My former client Donald Trump is planning a campaign stop at the majestic Klein Memorial Auditorium 12:30 Saturday afternoon in advance of Tuesday’s Republican presidential primary in Connecticut, according to his website. For tickets see here. He may very well talk about his experiences in Bridgeport, his interest in developing Pleasure Beach back in the day and how he deeded to the city the tax-delinquent property that is now the ballpark at Harbor Yard, home of the Bridgeport Bluefish. There’s more to it than that. An excerpt follows from my book Only In Bridgeport that sets up the hotly contested 1995 state legislative proposal to expand casino gaming in Bridgeport. I was then a Trump media consultant. Joe Ganim was mayor. John Rowland, governor.
A major issue of the 1994 gubernatorial campaign was the expansion of casino gaming in Connecticut beyond the wildly successful Foxwoods casino in the rural town of Ledyard. Bridgeport’s untapped waterfront drew the attention of the highest of the high gaming operatives such as Steve Wynn, Donald Trump and the Mashantucket Pequots, operators of Foxwoods, all of whom proposed upwards of billion-dollar gaming establishments. Rowland supported gaming expansion in Bridgeport. Democratic candidate Bill Curry was against it. Ganim, the candidate for lieutenant governor, was in the odd position of agreeing with his running mate’s opponent. Bridgeport was in need of an economic shot in the arm. To Ganim, the gaming expansion was about bringing jobs, entertainment and tax dollars into the city.
In a non-binding referendum in March of 1995, city voters overwhelmingly approved a legislative vote on the issue. Both Wynn and the Mashantuckets spent millions lobbying the state legislature for approval while Trump did his part to torpedo the gaming bill, in a move to protect his Atlantic City interests from Connecticut cannibalism. Trump’s attitude was supremely capitalistic. “If expanded gaming is going to happen in Bridgeport, I want it,: he would say. “If I can’t have it, I want to kill it.” Trump unleashed his lobbyists to stop anyone else from getting in on the action, especially his archenemy Wynn. The two gaming moguls have spent many years devising tactics to blow up one another’s gaming proposals.
Robert Zeff, owner of the Bridgeport Jai Alai fronton, had a particular stake in the gaming legislation. He had secured state approval to transform jai alai into a greyhound track with the hope of installing hundreds of slot machines in his parimutuel facility. Zeff was Wynn’s local entrée, working to approve the gaming bill as furiously as Trump fought it.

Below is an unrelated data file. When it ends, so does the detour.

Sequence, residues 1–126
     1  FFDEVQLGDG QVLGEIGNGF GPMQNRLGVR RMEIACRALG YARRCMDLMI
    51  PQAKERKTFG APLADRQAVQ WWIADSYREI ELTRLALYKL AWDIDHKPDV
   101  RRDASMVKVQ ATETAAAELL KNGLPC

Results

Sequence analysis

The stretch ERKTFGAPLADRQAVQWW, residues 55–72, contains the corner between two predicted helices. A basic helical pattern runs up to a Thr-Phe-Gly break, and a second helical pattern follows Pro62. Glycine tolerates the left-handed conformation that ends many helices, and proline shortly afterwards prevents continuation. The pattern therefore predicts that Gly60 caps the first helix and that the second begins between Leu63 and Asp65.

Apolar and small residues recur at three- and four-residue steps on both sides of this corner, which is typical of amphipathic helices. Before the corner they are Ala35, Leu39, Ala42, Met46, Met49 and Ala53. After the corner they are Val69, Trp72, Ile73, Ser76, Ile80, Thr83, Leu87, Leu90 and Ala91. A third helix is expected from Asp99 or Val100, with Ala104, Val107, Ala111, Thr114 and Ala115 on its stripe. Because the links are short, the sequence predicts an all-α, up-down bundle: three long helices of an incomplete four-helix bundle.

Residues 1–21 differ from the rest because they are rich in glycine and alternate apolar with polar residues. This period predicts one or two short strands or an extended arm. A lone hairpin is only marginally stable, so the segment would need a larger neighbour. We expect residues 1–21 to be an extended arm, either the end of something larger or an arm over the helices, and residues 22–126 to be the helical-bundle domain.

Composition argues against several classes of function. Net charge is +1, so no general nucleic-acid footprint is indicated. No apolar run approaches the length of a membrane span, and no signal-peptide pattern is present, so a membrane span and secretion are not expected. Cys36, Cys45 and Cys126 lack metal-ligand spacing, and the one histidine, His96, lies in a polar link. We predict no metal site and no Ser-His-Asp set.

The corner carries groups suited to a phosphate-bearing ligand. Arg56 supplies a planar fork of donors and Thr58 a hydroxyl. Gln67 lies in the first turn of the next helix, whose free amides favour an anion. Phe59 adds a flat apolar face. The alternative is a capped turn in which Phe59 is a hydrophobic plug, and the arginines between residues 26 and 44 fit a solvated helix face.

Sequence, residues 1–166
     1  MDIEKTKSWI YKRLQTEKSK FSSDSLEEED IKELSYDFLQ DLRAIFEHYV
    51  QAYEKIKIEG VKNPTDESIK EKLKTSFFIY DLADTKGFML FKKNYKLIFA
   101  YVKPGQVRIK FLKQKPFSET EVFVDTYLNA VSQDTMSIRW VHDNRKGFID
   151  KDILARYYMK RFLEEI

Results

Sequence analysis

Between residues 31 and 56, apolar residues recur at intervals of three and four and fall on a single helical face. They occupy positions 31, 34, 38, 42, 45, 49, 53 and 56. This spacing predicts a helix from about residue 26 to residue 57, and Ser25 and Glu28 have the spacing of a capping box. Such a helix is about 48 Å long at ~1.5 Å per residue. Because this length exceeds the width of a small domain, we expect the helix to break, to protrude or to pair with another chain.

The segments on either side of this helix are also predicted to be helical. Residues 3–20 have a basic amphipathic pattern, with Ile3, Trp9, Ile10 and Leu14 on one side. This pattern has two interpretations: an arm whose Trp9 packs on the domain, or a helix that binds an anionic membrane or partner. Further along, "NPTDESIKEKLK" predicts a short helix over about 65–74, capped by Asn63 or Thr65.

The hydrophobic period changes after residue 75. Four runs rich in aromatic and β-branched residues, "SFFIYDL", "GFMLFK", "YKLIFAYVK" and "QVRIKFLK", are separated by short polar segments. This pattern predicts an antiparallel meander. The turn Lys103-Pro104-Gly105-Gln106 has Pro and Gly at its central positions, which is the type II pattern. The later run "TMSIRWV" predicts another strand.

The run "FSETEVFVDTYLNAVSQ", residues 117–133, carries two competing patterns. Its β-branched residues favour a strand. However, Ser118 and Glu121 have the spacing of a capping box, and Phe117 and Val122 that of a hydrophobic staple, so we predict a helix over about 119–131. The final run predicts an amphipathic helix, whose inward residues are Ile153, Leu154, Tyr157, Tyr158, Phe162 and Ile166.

Opponents to the gaming bill had significant legislative support, particularly from lower Fairfield County legislators, who cited traffic congestion, health issues and gambling addictions as reasons enough to derail the bill. In the end, the new governor could not convince his own Republican legislative base to support gaming in Bridgeport. Despite an impassioned plea on the senate floor from Bridgeport State Senator Alvin Penn, one of the spearheads of the gaming bill, the state senate voted down the bill. Bridgeporters experienced an ugly gaming hangover.
The setback was like a punch to Ganim’s gut and it became clearer waterfront revival would require a non-gaming action plan. An investment group led by former Bridgeport Hydraulic Company chief executive officer Jack McGregor, his wife Mary-Jane Foster and Physicians Health Services founder Mickey Herbert convinced city leaders that minor-league baseball would trigger community pride and an economic jolt like nothing in the city in decades. The location for a baseball stadium that intrigued Ganim and his Economic Development Director Michael Freimuth was the vacant Jenkins Valve building in the South End. Located right off Interstate 95, the five-acre parcel was owned by Donald Trump who purchased the industrial warhorse as a prospective site for a gaming facility.
When the gaming bill failed to pass the State Senate, Trump lost interest in transforming the land. He also lost interest in paying roughly $300,000 in property taxes. “The assessment on this building is crazy,” Trump would say. “I’ve never seen anything like it.” Over the years, Ganim and Trump had developed a friendly relationship. One spring day in 1997, Trump fired off a letter to Ganim griping about the injustice of having to pay an extravagant tax bill for an industrial eyesore. Attaching copies of the tax bills to his letter, Trump explained he wanted to explore a way to turn the building over to the city for a viable use.
Ganim wasn’t about to shed any tears for the Manhattan billionaire, but Trump’s lamenting triggered a Ganim idea. With Trump’s letter in hand the mayor dialed up The Donald and asked him to sign the deed to the property over to the city. Two polished negotiators were at work. Since he knew Trump wanted out of the building, Ganim felt the city was in a greater negotiating position. If Ganim had initiated the offer, The Donald most assuredly would have asked for a price tag well beyond the cost of the taxes. Ganim got his location for the ballpark and Trump walked away from the building.